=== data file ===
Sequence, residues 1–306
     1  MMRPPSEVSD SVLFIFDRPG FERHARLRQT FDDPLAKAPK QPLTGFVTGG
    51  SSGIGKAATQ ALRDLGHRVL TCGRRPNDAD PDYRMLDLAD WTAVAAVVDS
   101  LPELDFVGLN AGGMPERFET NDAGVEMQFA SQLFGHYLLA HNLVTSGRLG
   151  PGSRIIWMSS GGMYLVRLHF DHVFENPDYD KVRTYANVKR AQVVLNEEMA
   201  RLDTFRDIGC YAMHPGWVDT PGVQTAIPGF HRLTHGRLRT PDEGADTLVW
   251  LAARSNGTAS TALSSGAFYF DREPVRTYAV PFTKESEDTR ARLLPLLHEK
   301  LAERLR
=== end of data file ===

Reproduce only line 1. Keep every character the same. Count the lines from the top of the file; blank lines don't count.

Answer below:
Sequence, residues 1–306